The scientists’ observations confirm that tissues need to develop mechanisms preventing the elimination of neighboring groups of cells. “These observations are important as they illustrate the incredible self-organizing ability of biological tissues, a property that enables them to withstand stressful conditions. So there is no need for a conductor to orchestrate where and when the cells should die; everything is based on highly local communications between neighboring cells,” adds Romain Levayer.

This process seems to have been conserved during evolution. The same protective mechanism based on local EGFR-ERK activation was discovered independently in human cell lines by the research group led by Olivier Pertz at the University of Bern in Switzerland (the results are published in the same journal2). The results of the other study suggest that the protective mechanism is conserved between species separated by hundreds of millions of years, indicating that it is a relatively universal mechanism.

Future research will reveal whether disruption to this cell death coordination mechanism and repeated loss of connectivity in epithelial tissue could be one of the roots of chronic inflammation, a phenomenon responsible for various diseases that are currently among the leading causes of death worldwide.

Distribution of cell deaths in a Drosophila epithelium:

[embedded content]

Development of the Drosophila pupa epithelium showing the location of all cell deaths (colored dots). The cell contours are shown in gray. Credit: © Institut Pasteur / Léo Valon et Romain Levayer

Activation of the EGFR-ERK pathway in neighboring cells:

[embedded content]

Activation of the EGFR-ERK pathway in the neighbors of a cell extruded from the tissue. The reporter on the left is excluded from the nucleus when the pathway is activated (the eliminated cell is circled in green). Activation can also be viewed by other pathway sensors (the FRET sensor – red for strong activation. Credit: © Institut Pasteur / Romain Levayer et Léo Valon


  1. “Robustness of epithelial sealing is an emerging property of local ERK feedback driven by cell elimination” by Léo Valon, Anđela Davidović, Florence Levillayer, Alexis Villars, Mathilde Chouly, Fabiana Cerqueira-Campos and Romain Levayer, 2 June 2021, Developmental Cell.
    DOI: 10.1016/j.devcel.2021.05.006
  2. “Collective ERK/Akt activity waves orchestrate epithelial homeostasis by driving apoptosis-induced survival” by Paolo Armando Gagliardi, Maciej Dobrzyński, Marc-Antoine Jacques, Coralie Dessauges, Pascal Ender, Yannick Blum, Robert M. Hughes, Andrew R. Cohen and Olivier Pertz, 2 June 2021, Developmental Cell.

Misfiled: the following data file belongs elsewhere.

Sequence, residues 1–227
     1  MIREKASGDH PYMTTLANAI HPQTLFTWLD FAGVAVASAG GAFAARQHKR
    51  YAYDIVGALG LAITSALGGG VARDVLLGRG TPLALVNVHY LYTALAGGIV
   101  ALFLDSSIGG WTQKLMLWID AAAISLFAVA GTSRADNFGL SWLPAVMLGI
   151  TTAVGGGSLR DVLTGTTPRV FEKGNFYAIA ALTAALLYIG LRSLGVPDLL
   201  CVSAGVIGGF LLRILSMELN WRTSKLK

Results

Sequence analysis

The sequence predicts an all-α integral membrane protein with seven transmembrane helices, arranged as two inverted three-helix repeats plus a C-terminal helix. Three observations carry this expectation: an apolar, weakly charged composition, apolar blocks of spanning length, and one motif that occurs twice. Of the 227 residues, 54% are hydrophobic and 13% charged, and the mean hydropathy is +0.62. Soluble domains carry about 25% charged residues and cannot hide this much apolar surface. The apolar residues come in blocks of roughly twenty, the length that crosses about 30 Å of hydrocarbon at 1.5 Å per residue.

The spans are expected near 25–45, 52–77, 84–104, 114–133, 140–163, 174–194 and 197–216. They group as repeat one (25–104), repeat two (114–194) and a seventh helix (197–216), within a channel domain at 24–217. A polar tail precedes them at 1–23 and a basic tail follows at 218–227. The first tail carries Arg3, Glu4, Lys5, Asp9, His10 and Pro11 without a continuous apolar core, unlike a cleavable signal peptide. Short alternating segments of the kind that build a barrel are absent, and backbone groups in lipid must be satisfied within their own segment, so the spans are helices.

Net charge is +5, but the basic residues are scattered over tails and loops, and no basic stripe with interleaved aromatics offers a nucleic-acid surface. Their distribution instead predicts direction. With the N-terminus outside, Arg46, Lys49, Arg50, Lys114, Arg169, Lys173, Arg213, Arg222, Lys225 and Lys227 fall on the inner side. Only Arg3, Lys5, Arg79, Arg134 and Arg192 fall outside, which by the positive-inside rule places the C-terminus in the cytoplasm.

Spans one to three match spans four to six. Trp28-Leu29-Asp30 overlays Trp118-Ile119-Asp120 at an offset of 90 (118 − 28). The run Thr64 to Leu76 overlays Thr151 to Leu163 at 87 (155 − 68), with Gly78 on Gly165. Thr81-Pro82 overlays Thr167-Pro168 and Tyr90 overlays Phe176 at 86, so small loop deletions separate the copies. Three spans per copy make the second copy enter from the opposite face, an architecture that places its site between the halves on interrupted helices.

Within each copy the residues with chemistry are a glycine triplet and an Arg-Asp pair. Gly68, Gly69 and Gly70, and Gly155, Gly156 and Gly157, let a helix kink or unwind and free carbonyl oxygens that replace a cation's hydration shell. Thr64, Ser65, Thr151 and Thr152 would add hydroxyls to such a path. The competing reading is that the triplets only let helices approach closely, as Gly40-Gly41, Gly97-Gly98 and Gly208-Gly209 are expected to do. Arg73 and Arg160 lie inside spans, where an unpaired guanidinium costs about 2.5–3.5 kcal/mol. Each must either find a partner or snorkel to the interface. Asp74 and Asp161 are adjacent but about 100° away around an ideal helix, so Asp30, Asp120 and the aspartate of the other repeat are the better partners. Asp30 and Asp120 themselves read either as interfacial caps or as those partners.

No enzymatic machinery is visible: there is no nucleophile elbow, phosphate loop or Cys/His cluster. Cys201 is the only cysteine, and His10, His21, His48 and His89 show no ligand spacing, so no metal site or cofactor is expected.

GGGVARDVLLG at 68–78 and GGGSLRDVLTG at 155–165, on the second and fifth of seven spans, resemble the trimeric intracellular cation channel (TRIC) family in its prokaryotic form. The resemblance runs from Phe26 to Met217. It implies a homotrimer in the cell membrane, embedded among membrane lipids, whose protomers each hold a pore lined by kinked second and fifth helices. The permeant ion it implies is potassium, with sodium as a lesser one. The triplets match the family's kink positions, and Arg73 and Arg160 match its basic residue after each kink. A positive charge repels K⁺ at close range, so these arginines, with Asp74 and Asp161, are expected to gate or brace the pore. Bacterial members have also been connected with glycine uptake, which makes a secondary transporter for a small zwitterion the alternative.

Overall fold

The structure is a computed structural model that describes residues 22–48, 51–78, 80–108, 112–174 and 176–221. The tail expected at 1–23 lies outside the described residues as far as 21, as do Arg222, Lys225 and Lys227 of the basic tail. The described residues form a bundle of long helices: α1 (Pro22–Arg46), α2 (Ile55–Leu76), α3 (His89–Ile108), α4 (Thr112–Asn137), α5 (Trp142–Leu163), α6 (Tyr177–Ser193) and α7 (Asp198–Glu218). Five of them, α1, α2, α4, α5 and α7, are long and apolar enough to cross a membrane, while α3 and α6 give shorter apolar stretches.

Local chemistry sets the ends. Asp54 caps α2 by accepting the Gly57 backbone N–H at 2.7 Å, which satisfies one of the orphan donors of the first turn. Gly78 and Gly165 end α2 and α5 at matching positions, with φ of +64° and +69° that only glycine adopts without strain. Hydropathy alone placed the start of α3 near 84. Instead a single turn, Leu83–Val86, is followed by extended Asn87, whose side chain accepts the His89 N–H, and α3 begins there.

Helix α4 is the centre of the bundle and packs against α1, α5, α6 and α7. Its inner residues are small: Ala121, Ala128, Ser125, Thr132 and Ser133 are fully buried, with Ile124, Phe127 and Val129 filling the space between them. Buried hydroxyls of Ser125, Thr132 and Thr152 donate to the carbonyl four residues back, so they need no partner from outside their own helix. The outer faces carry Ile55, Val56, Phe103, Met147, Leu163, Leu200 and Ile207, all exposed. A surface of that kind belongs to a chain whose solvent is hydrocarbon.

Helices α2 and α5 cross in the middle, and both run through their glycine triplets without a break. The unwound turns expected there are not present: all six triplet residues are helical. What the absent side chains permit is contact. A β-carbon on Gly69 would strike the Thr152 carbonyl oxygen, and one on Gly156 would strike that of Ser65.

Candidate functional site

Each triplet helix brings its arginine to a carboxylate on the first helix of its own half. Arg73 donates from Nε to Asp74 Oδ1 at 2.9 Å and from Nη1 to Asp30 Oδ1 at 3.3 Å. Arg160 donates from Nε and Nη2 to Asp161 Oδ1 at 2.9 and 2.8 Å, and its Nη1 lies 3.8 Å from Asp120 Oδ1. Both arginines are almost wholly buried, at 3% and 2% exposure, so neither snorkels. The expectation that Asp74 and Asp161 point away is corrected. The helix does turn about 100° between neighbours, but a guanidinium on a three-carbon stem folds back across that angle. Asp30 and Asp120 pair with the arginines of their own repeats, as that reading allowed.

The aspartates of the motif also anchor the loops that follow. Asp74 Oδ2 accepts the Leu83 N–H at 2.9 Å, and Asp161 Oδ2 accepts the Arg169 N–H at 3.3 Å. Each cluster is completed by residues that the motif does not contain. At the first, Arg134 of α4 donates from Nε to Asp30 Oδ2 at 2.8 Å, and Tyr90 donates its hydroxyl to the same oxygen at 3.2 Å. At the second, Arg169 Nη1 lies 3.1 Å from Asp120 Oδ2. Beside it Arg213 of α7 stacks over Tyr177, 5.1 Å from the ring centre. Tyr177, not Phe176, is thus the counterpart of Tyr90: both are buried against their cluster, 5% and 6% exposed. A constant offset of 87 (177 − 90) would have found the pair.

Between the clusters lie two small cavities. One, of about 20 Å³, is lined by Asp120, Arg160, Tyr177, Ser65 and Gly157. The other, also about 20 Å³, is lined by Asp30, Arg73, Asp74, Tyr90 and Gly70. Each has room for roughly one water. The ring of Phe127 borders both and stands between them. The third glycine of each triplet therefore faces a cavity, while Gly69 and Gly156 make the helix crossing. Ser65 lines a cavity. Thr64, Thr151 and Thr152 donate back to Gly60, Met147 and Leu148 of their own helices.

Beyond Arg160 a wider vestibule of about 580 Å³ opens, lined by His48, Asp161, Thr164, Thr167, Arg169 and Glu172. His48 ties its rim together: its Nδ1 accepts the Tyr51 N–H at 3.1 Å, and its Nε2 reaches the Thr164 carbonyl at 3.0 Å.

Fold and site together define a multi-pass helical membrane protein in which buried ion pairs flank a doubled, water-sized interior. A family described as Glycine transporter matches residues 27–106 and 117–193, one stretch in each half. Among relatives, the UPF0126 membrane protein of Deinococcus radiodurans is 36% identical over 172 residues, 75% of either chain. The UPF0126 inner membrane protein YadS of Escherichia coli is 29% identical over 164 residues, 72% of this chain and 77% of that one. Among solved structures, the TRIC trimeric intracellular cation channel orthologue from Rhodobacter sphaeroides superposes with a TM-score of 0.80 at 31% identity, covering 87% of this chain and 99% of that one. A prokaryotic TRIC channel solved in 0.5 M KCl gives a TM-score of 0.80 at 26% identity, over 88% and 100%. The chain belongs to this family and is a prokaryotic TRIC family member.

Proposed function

DOI: 10.1016/j.devcel.2021.05.007

This research project was supported by the European Research Council (ERC), a Marie Skłodowska-Curie post-doctoral fellowship, the Fondation pour la Recherche Médicale (FRM) et the Cercle Fondation Schlumberger pour l’Education et la Recherche (FSER), R.Levayer 2019 laureate.

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This post originally posted here The European Times News

Spain to maintain coronavirus restrictions into holiday season – 'Covid has not gone away'

Spain to maintain coronavirus restrictions into holiday season - 'Covid has not gone away'
Spain‘s minister for tourism has said the nation is pushing to welcome back tourists in June. However, officials have said key coronavirus restrictions will remain in place, with many impacting tourists.
Though the nation is set to lift its State of Emergency on May 9, Spain’s holiday hotspots are likely to continue coronavirus safety regulations.

The Balearics, Canary Islands and the Costa del Sol have all indicated that restrictions, including strict checks at airports, mask-wearing, curfews and even partial closure of the hotel industry, might continue after this Sunday.

The Balearic government has also gone to court to ask for special permission as leaders say they would need the backing of the law which the State of Emergency currently gives but which would disappear from May 9.

The Balearics, which include Majorca, Menorca and Ibiza, want the power to continue to impose and even strengthen if necessary coronavirus restrictions to avoid new outbreaks.

READ MORE: ‘Good god why do that!’ Britons hesitant to travel in blow to tourism

The islands’ government says it might want to increase its curfew orders, currently from 11pm to 6pm, and is asking for special permission to be allowed to impose the hours of 10pm to 7am if necessary.